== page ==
Women At Work Ww1 Essay

1869 words - 7 pages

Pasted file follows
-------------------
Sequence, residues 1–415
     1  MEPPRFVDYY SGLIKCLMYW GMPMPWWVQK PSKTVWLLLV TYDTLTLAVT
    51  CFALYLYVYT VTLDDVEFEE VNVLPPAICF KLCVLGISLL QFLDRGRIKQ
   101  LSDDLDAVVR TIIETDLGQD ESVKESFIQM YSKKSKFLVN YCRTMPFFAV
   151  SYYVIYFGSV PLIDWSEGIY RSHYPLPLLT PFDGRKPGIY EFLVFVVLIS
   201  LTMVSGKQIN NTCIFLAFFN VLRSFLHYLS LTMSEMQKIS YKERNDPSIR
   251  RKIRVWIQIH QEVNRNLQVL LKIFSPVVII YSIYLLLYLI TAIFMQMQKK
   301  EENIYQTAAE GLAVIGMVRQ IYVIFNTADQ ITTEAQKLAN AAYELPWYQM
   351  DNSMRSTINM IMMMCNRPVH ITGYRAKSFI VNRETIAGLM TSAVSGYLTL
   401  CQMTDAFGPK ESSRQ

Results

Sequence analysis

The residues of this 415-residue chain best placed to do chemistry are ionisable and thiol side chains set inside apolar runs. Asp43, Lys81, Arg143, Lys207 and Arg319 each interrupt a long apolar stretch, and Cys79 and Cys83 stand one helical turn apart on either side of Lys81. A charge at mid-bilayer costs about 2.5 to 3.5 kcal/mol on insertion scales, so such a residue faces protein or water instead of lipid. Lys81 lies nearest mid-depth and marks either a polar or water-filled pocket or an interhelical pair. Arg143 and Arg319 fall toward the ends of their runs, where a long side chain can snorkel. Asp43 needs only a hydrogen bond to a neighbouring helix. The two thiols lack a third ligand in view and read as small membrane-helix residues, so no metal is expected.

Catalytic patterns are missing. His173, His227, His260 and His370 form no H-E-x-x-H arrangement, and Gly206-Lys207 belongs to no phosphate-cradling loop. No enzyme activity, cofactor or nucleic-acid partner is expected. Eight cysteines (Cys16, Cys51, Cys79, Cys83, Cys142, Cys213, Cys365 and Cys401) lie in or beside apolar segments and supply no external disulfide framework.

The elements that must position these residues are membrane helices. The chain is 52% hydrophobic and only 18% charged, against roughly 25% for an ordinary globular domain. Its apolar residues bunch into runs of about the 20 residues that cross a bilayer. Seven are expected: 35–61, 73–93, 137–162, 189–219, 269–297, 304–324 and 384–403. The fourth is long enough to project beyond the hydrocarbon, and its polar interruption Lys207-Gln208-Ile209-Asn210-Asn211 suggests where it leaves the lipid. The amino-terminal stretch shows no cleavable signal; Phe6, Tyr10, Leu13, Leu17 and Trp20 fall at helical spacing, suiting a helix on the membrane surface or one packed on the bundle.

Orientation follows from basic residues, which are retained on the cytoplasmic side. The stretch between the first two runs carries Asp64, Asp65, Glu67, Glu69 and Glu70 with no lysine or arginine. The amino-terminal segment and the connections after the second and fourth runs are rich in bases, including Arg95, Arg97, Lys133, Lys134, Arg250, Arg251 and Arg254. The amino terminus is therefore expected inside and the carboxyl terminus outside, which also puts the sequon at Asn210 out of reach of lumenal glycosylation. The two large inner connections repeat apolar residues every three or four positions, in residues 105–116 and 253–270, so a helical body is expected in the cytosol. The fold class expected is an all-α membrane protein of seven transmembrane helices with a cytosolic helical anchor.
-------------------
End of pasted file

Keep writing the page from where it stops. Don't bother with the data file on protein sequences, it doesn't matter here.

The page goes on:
Did life back home change very little for those left behind?When war broke out in July 1914 710,000 men were recruited to the army and by 1915 over 1 million had joined the armed forces. However, volunteer numbers were falling fast so conscription was introduced in 1916. This meant that all men aged 18-41 were required to fight at war unless they had a valid reason. With so many men at war, workers were needed on Britain's home front; so women took on 'men's jobs'. Therefore, I think that during the war, the way women lived their lives had changed immensely. However, it is questionable whether this was a temporary change or one which improved women's lives forever.When the war began, there were vacancies for men's work and less demand for domestic jobs. This was because many men had left for war and so families were trying to economise. Middle class women could not afford to spend their money on housemaids. Therefore, by the end of the war 400,000 less women were employed in domestic service and most had jobs in public transport or munitions, 500,000 others had clerical positions in private offices. 200,000 had agricultural positions and many others worked in governmental departments. Some women even had jobs in heavy work like ship building, furnace stoking and coal loading. Nobody was left without work because Britain needed to keep the home front moving. For instance, even in post offices thousands of women were employed to sort the 12,000,000 letters which were sent to soldiers every week!This proved to men that women were capable of skilled work, were fit enough for heavy work and were willing to work for half of men's wages. One historian explained that they did this because they knew that "their friends, relations, husbands, sons were abroad. They were dying, partly because our army were suffering a shell shortage." Workers back home took on the responsibility of providing ammunition for the soldiers. Some women even took on men's sports, and many women's football teams were set up. Most men were impressed by how capable women were, for example a 1919 report from the government's medical officers stated 'women have with success undertaken work involving the lifting of weights, heavy machine work, and even forge and foundry work.'However, not all men appreciated women taking on 'men's work.' They were afraid that after the war some men would be left unemployed because women were capable of the same work for lower wages. Women even put their lives at risk for war effort.Although soldiers were considered to be the ones putting themselves at risk, work in munitions was dangerous too. For example, an explosion in 1917 at a TNT plant in Silverton, East London, killed 73 people and destroyed hundreds of nearby homes.Not only were explosions a risk; dangerous chemicals which were in ammunition caused various health issues. TNT, for instance, turned many workers' skin yellow and these workers were known as 'canaries.' They also dealt with the...

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